Thursday, 22 November 2012

Cusco - Puno - Copacabana

After our over-stayed trip in Cusco and spending a month in Peru we decided it was time to say hello to Bolivia. HOWEVER, we forgot that Bolivia was having their once-in-every-10-years Census on the 21st November and the entire country was shut down and refusing  entry at the border! Great timing on our behalf! So we ended up spending one extra day in the not-so-pretty town of Puno.
There were no nice photos of Puno, so the floating islands will have to do.
We rounded up our stuff in Cusco, said goodbye to the gorgeous (but slightly in-bred) puppy in our hostel (whom we named Pacha), took a taki from San Blas to the Terminal Terrestre (S/4) and got on our 10pm overnight bus to Puno, on the shore of Lake Titicaca.

We went with Powers bus company because they were the cheapest (S/15, 7.5h) and we could tell why! The bus had a huge crack down the windscreen, the staff had no intention of marking our bags with a ticket, the tv looked like it was about to explode when they played a movie and there was an animal bone on Harry's chair! An animal BONE! That's a first occurrence and I hope the was the last!

Despite the sketchy appearance, and the near collision we had with other car in the middle of the night, we managed to sleep fairly well. We arrived in Puno around 5.30am where we were greeted by several bus companies telling us that we cannot go direct to Copcabana, Bolivia because of the national Census and the border was closed (we already expected this).

We booked a ticket for the next morning for 7.30am (the earliest possible bus with any company) with a woman working for Titicaca Bolivia and then went to the accommodation she recommended to us, called Qorikancha Inn (Jr. Moquegua, 479) which was only S/40 for a double with private bathroom (S/4 taxi).

By this time it was around 6.30am and we had a whole day before our bus tomorrow, so we booked ourselves on a tour with the Inn to Isla Flotante de Los Uros (the Floating Islands of the Uros community). The tour was S/20 for hostel pickup, boat transport, island entry and an English speaking guide. Normally we do not take tours but it seemed to be the only way to visit the islands.

The tour was from 9.00 to 12.30pm. We were taken to the docks of Lake Titicaca and from the Peruivan side it did not look too spectacular as Puno sits in a bay of the the massive lake but the bay contained the only area where there was a huge abundance of reeds. And it is because of the reeds the floating islands exist.
Reeds which make up the floating islands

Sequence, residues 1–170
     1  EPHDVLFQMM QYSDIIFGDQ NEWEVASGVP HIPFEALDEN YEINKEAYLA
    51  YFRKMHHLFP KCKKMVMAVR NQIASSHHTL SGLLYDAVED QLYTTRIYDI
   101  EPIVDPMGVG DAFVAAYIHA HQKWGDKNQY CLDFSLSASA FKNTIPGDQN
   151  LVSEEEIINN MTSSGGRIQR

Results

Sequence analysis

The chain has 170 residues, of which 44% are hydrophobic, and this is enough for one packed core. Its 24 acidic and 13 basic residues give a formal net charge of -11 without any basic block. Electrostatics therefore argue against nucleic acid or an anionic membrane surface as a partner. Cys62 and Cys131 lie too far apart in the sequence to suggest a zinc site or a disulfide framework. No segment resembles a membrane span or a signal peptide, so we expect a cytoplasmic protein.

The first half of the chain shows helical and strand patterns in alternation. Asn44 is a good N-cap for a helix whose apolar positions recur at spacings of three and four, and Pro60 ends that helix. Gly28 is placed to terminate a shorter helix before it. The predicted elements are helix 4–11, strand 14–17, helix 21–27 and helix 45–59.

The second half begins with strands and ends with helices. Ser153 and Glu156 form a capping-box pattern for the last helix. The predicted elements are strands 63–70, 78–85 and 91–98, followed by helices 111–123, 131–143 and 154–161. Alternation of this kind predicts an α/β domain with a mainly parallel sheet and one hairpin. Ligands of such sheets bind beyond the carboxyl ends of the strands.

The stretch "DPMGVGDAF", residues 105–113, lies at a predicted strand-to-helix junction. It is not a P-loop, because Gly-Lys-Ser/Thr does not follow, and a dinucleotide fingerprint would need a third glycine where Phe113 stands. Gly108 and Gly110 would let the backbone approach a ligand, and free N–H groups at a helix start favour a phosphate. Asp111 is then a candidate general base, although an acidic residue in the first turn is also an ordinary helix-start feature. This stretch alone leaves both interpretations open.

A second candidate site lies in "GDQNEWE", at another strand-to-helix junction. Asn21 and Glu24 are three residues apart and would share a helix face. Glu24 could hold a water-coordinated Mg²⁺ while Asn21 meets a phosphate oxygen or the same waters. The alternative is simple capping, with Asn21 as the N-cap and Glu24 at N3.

These incredible man-made islands are made solely by the reeds that have the ability to float from their roots; very clever and rather spongy! It took an hour to get to the island, during which we were given a background to the island and took photos from the boats roof. The island would bob up and down every so often. It was quite a surreal experience.
Phenomenally corny dance and song to welcome the tourist boat... Awkward
We were met by the local indigenous people of the island, dressed in brightly coloured clothing and chanting in their local dialect. It was then when we realised the island was just as touristy as we read about! We were explained their native customs and way of life, like they use the reeds for building, eating and even used for curing headaches?

The reeds did not taste good.
We were then felt pressurised into buying the crafts the woman had made for a steep price. We did not cave. We were then told we would take a hand crafted reed boat to another island. What they hadn't explained was that it would cost an extra B10, after finding this out we quickly exited and sat on top of our nice motorised boat safely out of harms way (and S/20 in the green!).
S/10? Nah.. motorised boat all the way.
We ended up arriving in the islands before the other boat and had a nice conversation with some Peruvian tourists. We then waited for 30 minutes just in case anyone felt like they needed to buy some expensive food or drink from the restaurant on the floating island (it almost felt like we weren't going to leave until everyone bought something).

Having not starved to death on the floating tourist trap, we headed back to the the docks and arrived around 12:30 and boarded a mini bus back to our hostel.... However our driver had no idea what our hostel was called and neither did we. Remember, we arrived in the morning after an overnight bus and went straight to the hostel then got a tour straight away, plus the name was in Quechua... No idea.

We drove around the centre searching for about 20 minutes, the driver was very keen to just let us off in the middle of nowhere, obviously we were not best pleased and pretty much argued until we found the hostel by a fluke. Moral of the story, don't trust a tour to use the same people to pick up and drop off and don't be an idiot and forget the name of your hostel!

Finally arriving back in the hostel around 1pm we went to the central market for some food (S/3.50 almuerzo), hunted down a place that served a veggie soup for me (which took a while) and ate some delicious veg concoction Harry whipped up for dinner.

Exhausted, we went to bed super early to catch our bus at 7.30 the next morning. There was a departure tax of S/1.

This border crossing into Bolivia was one of the simplest, yet longest, thanks to taking an tourist  bus. We queued for about 20 mins to exit Peru as ALL the tour buses arrived at the same time (great system). We then walked up the road, over the border to Bolivia, went forward an hour in time, to wait another 20 mins at Bolivian immigration.

Another 30 mins later we arrived in Copacabana, ready to start our adventure on Isla del Sol.

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